What’s the Difference Between Annuals and Perennials?

My favorite answer is annuals are planted every year, hence, always planting annuals. Perennials are a permanent garden addition. Got a minute? Let me explain in greater detail . . .

ANNUALS are rapid growers, progressing through their entire life cycle – germinate, bloom and set seed – in just one season, providing the biggest color bang for your buck in the garden. Annuals will continue to bloom until the cool temperatures and frost of fall.

Annuals are also a great to plant over spring blooming bulbs. I do a lot in my home garden. It’s my little trick to protect the bulbs . . . from me!

As summer rolls in and the foliage from those beautiful spring bulbs fades away, I see bare spots that beg to be planted, perhaps a new perennial could go there. But when I would dig in, I find I had already filled the space with bulbs, too often spading them in half.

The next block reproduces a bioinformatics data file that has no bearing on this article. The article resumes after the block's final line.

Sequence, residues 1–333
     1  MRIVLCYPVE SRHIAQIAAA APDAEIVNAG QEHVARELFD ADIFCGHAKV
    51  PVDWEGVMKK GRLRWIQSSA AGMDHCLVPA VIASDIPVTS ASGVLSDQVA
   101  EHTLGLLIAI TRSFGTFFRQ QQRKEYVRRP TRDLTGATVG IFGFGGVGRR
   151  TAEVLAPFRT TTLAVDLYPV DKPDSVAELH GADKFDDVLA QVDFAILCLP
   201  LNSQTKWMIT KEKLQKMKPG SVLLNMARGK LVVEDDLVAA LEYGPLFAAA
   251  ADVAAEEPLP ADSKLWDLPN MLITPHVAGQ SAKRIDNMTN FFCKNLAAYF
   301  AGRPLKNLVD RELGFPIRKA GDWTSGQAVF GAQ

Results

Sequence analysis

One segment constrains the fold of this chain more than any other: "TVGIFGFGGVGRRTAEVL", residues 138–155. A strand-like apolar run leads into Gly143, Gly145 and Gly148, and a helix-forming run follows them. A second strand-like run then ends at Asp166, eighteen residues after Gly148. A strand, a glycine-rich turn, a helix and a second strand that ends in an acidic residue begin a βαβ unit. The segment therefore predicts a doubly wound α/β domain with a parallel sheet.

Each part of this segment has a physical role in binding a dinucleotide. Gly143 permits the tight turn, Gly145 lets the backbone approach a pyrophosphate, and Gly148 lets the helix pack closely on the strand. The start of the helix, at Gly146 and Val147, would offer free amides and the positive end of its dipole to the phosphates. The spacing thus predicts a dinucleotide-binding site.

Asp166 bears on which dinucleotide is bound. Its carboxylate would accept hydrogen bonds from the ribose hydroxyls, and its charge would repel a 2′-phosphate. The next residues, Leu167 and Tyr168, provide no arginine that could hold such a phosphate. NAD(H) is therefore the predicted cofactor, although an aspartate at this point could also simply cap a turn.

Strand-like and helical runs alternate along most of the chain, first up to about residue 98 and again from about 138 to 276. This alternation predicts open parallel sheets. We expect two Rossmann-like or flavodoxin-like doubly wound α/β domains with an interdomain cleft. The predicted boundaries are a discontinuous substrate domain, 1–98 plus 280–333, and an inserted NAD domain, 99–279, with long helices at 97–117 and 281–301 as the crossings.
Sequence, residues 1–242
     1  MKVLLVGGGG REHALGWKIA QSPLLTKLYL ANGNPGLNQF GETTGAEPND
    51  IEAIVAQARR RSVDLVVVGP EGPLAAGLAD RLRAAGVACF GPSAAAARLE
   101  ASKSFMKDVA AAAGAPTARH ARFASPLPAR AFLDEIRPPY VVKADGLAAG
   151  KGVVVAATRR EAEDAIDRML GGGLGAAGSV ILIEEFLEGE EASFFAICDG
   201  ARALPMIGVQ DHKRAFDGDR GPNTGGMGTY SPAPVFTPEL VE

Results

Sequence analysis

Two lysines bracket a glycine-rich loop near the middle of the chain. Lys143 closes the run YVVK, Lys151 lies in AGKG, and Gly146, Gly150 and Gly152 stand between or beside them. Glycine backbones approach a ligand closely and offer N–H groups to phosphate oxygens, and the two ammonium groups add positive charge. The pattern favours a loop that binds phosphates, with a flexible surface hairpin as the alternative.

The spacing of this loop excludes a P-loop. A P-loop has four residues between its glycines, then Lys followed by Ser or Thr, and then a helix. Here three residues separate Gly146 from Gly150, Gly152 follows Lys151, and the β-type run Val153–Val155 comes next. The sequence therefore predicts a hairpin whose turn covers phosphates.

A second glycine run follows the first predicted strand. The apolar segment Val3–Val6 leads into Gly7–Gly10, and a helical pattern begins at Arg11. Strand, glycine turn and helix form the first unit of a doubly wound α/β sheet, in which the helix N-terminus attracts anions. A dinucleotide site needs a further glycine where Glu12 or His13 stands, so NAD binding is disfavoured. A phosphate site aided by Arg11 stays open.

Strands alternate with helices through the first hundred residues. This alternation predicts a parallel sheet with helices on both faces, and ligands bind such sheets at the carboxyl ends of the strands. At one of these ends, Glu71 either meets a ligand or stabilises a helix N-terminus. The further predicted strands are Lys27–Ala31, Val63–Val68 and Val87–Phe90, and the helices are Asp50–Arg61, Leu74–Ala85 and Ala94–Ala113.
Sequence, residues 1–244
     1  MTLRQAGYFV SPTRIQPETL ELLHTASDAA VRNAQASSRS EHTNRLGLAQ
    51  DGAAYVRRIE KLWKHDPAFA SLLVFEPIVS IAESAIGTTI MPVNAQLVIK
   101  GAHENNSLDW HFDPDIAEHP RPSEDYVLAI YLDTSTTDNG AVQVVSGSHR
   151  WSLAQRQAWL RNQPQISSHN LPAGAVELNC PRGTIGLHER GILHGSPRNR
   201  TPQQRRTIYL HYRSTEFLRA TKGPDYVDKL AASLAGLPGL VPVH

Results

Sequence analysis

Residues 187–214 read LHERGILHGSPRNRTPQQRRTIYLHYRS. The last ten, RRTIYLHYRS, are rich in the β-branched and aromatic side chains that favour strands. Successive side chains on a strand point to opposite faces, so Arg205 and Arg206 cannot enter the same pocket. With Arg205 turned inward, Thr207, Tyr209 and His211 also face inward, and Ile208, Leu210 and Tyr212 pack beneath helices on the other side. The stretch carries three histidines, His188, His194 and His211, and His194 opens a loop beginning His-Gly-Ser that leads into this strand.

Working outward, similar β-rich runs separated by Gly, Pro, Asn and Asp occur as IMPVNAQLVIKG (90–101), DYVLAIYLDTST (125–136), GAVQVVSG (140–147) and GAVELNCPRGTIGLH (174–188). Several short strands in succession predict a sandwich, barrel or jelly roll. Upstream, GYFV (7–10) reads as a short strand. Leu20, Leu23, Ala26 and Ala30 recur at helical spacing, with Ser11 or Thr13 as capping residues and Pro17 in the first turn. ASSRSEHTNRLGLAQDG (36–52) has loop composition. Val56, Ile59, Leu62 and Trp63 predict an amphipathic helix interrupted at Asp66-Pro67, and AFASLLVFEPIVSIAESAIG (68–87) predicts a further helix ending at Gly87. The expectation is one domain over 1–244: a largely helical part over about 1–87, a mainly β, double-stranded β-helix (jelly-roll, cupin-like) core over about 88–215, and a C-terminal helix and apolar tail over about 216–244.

My solution was to plant summer annuals between the fading foliage of the bulbs, or as soon as they were ready to remove. Problem solved! Plus I would now have color until frost! Win! Win!

PERENNIALS are in the garden for the long haul. Pay attention to foliage, form and texture because they need to provide interest even when they are not in bloom. Depending on the variety and weather, perennials will bloom from a few weeks to several months.

When planting perennials, remember “sleep – creep – leap.” This refers to their tendency to focus on root growth the first year, creep a bit larger the second year as they become established and then explode to maturity in the third year and beyond. Many will need dividing by the fifth and sixth year.

LANDSCAPING TIP: One of my favorite combinations is a cluster of daffodils planted within a triangle of daylilies (allow a couple feet for the bulbs) and add sunpatiens over the bulbs as the foliage fades, the daylily foliage also helps hide the bulb foliage. This also works well with Hosta and impatiens in the shade.